According to data from Zillow, in June of this year, the average amount of time homes spent on the market was only 22 days. With homes flying off the market so quickly, it’s no surprise that the home search process will need to speed up as well. Buyers will be able to put an offer on a house within just a few minutes of viewing it virtually from their smartphones.
Proptech and AI
Though many online real estate platforms have used chatbots to aid home buyers, we’ll have to wait and see whether proptech will be able to use artificial intelligence successfully. If AI analyzes historical housing data and pulls information from a dense hub of real estate advice, this could eventually eliminate the need for experienced Realtors to provide assistance within the platform. But we’re not quite there yet.
According to Forbes, the path to AI fully replacing human interaction within the proptech sphere is still far off. Even if we do manage to reach a level of intelligence that takes the place of a Realtor, we’ll still need their expertise to ensure that our proptech robots get the proper information from which to extrapolate advice.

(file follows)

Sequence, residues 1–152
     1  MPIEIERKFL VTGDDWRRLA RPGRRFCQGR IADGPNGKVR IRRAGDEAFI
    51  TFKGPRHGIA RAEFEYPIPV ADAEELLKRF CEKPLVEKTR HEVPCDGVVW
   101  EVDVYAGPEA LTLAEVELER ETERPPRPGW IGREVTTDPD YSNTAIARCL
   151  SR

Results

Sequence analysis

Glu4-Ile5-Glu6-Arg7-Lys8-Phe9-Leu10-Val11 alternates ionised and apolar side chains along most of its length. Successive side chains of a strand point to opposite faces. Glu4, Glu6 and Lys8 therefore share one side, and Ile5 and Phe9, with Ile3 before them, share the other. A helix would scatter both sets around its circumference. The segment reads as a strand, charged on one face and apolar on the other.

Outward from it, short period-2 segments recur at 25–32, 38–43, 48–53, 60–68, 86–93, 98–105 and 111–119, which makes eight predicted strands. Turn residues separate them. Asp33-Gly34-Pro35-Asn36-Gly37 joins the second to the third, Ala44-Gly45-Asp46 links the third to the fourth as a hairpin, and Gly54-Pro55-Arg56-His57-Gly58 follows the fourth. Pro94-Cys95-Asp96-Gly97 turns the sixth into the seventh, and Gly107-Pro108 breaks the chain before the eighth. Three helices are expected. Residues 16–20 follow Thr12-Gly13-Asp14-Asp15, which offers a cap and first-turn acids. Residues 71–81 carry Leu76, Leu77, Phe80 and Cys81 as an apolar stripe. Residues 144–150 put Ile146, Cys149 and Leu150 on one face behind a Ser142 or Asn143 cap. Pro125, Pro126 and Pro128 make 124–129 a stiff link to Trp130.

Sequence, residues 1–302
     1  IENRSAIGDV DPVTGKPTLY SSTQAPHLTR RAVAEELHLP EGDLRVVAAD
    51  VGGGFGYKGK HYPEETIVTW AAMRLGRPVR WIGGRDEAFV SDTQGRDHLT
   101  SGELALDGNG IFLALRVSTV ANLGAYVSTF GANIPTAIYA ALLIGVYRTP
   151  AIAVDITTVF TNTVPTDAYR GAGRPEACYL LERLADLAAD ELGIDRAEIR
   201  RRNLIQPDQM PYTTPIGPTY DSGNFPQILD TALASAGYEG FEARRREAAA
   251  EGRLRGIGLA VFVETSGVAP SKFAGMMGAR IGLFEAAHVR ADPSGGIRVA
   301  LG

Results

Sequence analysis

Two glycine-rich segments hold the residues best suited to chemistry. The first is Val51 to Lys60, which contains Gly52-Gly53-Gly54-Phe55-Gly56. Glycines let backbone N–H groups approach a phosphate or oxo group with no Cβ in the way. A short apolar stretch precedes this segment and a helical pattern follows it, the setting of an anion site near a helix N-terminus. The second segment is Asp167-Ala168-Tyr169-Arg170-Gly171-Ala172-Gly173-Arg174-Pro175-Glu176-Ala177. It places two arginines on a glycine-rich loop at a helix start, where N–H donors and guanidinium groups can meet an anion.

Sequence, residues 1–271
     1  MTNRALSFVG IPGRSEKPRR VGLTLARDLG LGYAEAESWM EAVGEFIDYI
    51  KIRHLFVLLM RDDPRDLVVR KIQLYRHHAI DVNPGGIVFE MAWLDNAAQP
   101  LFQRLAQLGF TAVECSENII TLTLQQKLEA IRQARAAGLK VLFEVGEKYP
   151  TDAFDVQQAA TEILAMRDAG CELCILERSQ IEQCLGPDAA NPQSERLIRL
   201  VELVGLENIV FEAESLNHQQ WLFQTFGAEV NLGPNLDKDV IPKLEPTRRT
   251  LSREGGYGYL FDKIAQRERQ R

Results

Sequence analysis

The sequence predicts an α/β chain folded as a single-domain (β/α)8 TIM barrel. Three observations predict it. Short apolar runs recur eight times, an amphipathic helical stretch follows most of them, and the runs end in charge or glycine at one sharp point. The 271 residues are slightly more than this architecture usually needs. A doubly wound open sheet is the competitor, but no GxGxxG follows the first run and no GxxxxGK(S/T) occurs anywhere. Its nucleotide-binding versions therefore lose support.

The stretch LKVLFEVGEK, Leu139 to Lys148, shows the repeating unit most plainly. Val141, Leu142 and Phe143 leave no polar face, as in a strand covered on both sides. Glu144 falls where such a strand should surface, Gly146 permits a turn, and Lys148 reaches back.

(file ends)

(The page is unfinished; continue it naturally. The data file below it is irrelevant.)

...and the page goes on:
While the proptech industry is certainly no stranger to automation, it will be interesting to see how it turns this into artificial intelligence in the next 10 years.
Proptech and big data
The number of proptech platforms that have cropped up over the years is actually securing the industry’s future. That’s because the amount of data that users collect via sites like Zillow, Trulia, and the like are making proptech sites more intuitive and, as discussed earlier, allowing artificial intelligence to learn from industry trends.
Big data is helping real estate platforms make more educated predictions, and in turn, home buyers are getting a more accurate depiction of the market. For example, when a home sells on Zillow, the data instantly factors into the home-buying process for other users.
The proptech industry has been using data for years, but big data will continue to create a much more personalized experience within real estate. The data mined through our use of social media, our interaction with ads, and our use of search engines may assist us in buying and renting property more than we even consciously know.